Sermon for Sunday, December 23, 2018 || Advent 4C || Luke 1:39-45
I told a brief story last Sunday to the folks attending the adult forum hour, and the story has been lodged in my heart since then, so I thought I would share it with everyone. This is a story about an intense moment with God, and I wrestled with whether or not to share it today because I do not want you to go home thinking you are any less a believer or a beloved child of God if you have never experienced what I’m about to describe.
So I begin this sermon with a disclaimer: what follows is one way among many that God encounters us. As followers of Jesus, we aspire to be transformed over the course of our lifetimes into people who more closely reflect the love, peace, and justice of God. God invites us to participate in our own transformation and thus the renewal of our broken world. What follows is the special moment in my life when God pushed me onto the path of that participation. I’m sharing this with you today because of our Gospel lesson when Mary rushes off to see her cousin Elizabeth, but I’ll get to that in a bit. Continue reading “A Moment with God”→
Sermon for Sunday, December 9, 2018 || Advent 2C || Luke 3:1-6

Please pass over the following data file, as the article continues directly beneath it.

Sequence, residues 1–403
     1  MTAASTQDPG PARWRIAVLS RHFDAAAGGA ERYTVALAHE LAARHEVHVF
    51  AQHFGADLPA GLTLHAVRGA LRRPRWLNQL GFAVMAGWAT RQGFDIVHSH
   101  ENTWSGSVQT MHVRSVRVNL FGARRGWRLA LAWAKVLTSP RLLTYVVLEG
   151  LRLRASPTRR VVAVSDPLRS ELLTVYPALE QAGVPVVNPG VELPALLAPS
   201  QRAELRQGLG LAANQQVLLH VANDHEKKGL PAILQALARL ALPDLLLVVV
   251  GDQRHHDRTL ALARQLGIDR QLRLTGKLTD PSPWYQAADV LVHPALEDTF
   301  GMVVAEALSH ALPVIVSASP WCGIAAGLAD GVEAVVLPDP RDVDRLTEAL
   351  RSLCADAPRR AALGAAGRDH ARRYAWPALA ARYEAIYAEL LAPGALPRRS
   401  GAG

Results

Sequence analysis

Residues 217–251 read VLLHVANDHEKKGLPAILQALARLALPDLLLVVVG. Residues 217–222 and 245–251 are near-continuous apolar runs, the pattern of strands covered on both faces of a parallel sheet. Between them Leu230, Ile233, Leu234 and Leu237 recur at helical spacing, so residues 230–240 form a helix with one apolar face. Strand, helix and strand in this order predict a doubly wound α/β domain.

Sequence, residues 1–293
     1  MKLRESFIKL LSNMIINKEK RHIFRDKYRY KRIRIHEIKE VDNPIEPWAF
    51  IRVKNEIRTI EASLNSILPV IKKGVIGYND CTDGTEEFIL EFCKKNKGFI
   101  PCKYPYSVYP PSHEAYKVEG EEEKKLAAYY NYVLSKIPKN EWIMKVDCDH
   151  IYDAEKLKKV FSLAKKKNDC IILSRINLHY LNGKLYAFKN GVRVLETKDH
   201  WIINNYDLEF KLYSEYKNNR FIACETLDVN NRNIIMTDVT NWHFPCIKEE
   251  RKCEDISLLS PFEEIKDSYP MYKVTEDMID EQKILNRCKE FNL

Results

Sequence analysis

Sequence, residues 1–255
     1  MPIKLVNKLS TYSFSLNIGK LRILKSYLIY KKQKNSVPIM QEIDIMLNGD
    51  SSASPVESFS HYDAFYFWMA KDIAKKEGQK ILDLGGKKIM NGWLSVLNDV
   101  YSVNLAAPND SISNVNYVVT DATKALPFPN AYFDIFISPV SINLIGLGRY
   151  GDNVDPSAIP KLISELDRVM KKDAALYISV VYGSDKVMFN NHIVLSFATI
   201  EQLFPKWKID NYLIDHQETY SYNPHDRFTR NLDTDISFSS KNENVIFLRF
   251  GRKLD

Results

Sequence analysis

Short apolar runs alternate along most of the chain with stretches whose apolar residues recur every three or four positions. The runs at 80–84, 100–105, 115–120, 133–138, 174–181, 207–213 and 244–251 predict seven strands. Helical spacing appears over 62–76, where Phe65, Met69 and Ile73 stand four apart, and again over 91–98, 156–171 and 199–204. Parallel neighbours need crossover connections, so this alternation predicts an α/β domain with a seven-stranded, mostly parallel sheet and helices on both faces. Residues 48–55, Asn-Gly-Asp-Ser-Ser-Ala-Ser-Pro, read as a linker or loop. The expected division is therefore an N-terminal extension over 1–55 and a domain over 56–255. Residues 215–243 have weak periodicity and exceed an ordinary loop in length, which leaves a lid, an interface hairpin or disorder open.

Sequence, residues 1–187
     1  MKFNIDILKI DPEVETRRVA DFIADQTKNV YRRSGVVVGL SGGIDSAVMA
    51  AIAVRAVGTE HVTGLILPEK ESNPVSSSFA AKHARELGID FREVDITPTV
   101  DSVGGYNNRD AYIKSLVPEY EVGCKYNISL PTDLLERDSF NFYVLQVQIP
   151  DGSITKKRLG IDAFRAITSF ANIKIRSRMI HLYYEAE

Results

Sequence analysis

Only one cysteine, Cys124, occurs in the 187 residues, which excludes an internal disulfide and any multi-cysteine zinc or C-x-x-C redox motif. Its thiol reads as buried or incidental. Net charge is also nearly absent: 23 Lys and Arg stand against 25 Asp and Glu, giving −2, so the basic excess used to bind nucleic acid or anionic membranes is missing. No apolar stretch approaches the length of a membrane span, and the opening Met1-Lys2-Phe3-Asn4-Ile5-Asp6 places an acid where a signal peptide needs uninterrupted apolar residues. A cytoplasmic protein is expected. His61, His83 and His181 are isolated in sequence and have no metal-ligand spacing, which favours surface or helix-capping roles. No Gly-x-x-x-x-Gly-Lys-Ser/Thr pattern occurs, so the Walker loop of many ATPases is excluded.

God calls each one of us into relationship. God calls us because God love us. And God calls us to love. In love God calls us to take part in God’s mission of healing and reconciliation in this world. In love God calls us to serve others, to stand in solidarity with the oppressed, and to speak the good news of Jesus Christ. God calls us. God calls you and me.
In today’s Gospel lesson, God calls John, a person who lives out in the wilderness, a person whose birth bewildered many, a person who willed others to remember the words of the prophet Isaiah: “Prepare the way of the Lord.” We call him John the Baptist because he prepared the way of the Lord by ritually washing people in the River Jordan, proclaiming a baptism of repentance for the forgiveness of sins.Continue reading “Here and Now”→
Twenty-five years ago today, I trudged up the marble steps, past the stone lions, and into the cold church next door to my house. I think I was in fourth grade at the time. That day I got to miss the bus because that day was special. That day was Ash Wednesday.